Qing Quentin Huang, 53, from Waterdown, Ont., was arrested in nearby Burlington on Saturday, just two days after the RCMP say they became aware of the allegations against him.
The RCMP allege that they learned on Thursday that Huang was taking steps to pass on classified information to China relating to Canada's national shipbuilding strategy.
Huang is a Canadian citizen and an employee of Lloyd's Register, a subcontractor to Irving Shipbuilding Inc., the RCMP said Sunday at a news conference to announce the arrest.
"These are documents of a confidential and sensitive nature to the government of Canada that relate to their vessels that support our marine services in relation to sovereignty here in Canada," said RCMP Chief Supt. Jennifer Strachan.
The company is a supplier to Irving Shipbuilding on a contract for arctic offshore patrol ships, and Irving's president said in a statement that security of information is tightly controlled at his company. Huang was never on Irving property, Kevin McCoy said in the statement.
Huang didn't have security clearance and didn't have direct access to any classified or controlled information in Lloyd’s Register Canada Ltd’s possession, Lloyd's said in a statement.
Huang has worked as a structural design appraisal engineer for Lloyd's at its Toronto Design Support Centre since April 2006, the Lloyd's statement said.
"Mr Huang is being suspended forthwith without pay until the matter is fully investigated and resolved," the Lloyd's statement said.
"We are doing everything we can to assist the RCMP with their investigation."
The federal government has said Irving's shipyard in Halifax would build between six and eight Arctic offshore patrol ships.
The national shipbuilding strategy also includes frigates, naval auxiliary vessels, science research vessels and ice breakers, Strachan said.
"In these types of cases sharing of information may given a foreign entity a tactical, military or competitive advantage by knowing the specifications of vessels responsible for defending Canadian waters and Canadian sovereignty," she said.
"Having access to the products of very valuable and costly research and development may also provide unfair competitive and economic advantage."
Huang communicated with someone at the Chinese embassy in Ottawa, the RCMP said, though the Mounties would not say if that was how they became aware of Huang's alleged activities.
Huang is charged under the Security of Information Act with two counts of attempting to communicate classified information to a foreign entity. He could face life in prison. Huang is being held in custody pending a bail hearing Wednesday in Toronto, the RCMP said.
His alleged actions were not state-sponsored, Strachan said. He is suspected to have worked alone. Lloyd's Register co-operated with the investigation and was "extremely helpful," Strachan said.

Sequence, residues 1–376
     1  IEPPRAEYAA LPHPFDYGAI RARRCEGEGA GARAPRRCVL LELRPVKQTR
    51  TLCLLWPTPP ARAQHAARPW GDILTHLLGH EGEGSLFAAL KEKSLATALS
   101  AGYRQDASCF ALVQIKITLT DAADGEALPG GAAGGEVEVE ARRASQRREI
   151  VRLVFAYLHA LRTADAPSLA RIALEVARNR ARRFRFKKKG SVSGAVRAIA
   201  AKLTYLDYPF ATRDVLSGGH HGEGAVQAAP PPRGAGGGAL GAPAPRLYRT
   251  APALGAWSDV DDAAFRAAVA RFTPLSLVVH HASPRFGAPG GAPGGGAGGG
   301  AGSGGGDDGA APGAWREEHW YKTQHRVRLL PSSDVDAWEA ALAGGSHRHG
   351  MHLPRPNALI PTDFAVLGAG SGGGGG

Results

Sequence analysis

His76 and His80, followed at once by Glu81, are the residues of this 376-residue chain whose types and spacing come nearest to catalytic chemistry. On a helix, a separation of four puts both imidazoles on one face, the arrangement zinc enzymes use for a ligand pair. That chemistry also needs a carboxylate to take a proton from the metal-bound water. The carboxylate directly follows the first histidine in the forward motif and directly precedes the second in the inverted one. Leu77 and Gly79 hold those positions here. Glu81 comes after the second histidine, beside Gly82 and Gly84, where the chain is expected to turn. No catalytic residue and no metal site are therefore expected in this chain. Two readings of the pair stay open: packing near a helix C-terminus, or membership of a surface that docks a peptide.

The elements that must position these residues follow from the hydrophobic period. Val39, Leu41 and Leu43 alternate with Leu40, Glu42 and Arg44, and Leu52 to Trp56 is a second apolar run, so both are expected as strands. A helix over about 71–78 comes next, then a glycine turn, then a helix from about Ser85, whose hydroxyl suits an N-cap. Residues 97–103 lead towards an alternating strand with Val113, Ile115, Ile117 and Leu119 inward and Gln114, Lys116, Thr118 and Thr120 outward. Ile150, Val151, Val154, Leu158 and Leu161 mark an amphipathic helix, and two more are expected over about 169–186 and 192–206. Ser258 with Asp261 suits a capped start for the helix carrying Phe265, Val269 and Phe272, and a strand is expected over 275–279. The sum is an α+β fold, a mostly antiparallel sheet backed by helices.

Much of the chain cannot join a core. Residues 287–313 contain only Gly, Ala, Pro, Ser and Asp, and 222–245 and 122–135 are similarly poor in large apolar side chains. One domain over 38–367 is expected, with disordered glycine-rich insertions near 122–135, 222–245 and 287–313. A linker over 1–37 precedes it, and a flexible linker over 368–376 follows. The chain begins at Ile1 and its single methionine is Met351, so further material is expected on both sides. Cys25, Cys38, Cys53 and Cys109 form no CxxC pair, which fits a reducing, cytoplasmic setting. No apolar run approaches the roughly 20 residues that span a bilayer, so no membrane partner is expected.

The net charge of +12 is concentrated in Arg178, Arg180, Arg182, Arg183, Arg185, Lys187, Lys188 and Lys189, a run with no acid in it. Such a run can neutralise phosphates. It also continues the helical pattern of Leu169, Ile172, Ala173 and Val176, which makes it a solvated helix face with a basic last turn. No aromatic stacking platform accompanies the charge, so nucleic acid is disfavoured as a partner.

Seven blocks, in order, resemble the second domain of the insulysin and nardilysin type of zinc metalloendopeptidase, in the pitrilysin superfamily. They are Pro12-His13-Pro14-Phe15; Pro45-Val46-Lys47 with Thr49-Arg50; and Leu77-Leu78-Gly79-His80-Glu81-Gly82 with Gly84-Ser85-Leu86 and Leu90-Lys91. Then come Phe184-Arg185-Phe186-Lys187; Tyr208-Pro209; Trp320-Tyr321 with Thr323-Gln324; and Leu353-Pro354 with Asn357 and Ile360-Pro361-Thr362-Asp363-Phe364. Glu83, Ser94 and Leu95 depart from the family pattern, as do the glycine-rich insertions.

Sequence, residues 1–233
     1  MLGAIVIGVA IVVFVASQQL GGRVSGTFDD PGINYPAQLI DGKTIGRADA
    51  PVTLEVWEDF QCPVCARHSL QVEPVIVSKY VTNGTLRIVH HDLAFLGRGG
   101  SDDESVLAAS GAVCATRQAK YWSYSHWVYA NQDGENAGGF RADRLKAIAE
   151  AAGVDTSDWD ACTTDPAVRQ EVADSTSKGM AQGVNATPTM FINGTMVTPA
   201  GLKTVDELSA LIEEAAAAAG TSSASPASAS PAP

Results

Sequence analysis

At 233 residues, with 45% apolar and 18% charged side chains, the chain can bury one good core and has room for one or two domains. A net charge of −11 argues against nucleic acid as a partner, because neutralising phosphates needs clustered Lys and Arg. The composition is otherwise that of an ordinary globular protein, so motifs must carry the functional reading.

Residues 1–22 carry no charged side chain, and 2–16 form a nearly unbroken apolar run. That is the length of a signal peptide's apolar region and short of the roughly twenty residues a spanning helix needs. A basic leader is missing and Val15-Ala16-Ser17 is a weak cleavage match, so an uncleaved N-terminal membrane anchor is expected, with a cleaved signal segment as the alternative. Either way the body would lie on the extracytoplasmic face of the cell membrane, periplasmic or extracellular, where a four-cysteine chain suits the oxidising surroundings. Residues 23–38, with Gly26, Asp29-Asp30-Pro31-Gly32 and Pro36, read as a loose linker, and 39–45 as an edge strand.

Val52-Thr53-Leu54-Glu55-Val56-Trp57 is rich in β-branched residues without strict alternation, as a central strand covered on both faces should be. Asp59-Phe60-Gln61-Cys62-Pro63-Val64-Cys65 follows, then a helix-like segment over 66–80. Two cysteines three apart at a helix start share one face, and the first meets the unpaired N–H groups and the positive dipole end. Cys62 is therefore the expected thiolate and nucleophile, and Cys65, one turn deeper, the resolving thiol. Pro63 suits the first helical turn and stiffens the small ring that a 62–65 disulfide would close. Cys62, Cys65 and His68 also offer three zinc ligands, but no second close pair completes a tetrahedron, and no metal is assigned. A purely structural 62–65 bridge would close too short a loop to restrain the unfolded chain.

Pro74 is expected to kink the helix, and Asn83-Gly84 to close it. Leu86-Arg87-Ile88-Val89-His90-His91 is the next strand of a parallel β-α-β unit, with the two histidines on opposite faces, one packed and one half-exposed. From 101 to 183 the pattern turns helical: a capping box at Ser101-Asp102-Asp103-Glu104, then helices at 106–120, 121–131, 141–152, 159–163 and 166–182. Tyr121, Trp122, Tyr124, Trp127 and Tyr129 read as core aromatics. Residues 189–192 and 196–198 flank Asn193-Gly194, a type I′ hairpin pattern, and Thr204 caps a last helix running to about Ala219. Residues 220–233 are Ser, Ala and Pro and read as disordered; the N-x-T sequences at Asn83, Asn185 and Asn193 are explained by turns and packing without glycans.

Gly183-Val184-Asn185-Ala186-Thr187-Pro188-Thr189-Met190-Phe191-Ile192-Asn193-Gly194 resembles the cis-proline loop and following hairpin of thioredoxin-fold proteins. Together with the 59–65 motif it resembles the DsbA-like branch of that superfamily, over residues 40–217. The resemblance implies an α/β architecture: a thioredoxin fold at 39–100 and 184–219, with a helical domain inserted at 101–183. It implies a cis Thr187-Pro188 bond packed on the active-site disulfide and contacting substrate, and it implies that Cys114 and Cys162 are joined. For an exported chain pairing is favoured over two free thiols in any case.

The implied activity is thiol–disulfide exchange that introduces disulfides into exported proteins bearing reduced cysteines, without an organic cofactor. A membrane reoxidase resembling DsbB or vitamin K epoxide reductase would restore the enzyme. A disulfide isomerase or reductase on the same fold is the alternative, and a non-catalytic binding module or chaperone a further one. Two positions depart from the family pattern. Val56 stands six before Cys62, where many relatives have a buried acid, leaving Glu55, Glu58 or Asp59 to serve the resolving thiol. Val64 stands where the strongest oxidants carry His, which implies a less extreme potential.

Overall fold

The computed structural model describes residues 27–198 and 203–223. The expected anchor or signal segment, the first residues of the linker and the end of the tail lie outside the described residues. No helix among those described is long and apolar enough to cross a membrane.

Police were able to act swiftly to safeguard the information and the investigation involved various policing agencies, the RCMP said.
"National security investigations are complex in nature and this one was no different, despite that we were able to move quickly to disrupt a threat to Canadian interests," RCMP Chief Supt. Larry Tremblay.
"It is important to understand that there is more to national security investigations than focusing solely on terrorism. It is about protecting Canadian interests and taking the steps we need to protect our Canadian sovereignty."
The RCMP is not aware of any threat to public safety at this time, said Strachan.
"Based on the information we gathered during the operation a decision was made to arrest the suspect yesterday and put an end to his efforts to undermine our sovereignty," she said. "We are confident that our prompt and firm intervention has limited the damage to our collective safety and security."
Huang's arrest is only the second such case in recent memory, the RCMP said.
Jeffrey Delisle, a naval intelligence officer, was sentenced to 20 years in prison earlier this year after pleading guilty to selling classified Western intelligence to Russia during a four-year period starting in 2007.
A CSIS analysis declassified in September warned that the Delisle case typifies the "insider threat" acts including espionage, unauthorized disclosure of secrets, embezzlement, sabotage and theft.
It cited research by the American Defence Personnel Security Research Center, which found that almost all spies were loyal and trustworthy when given their initial security clearance.
The research found most rogue insiders were male and were spurred to betray their country by factors such as revenge for a perceived wrong, the need for cash to support an addiction like gambling, divided loyalty that prompted a desire to help another country, or radicalized beliefs that made them see their organization as an adversary.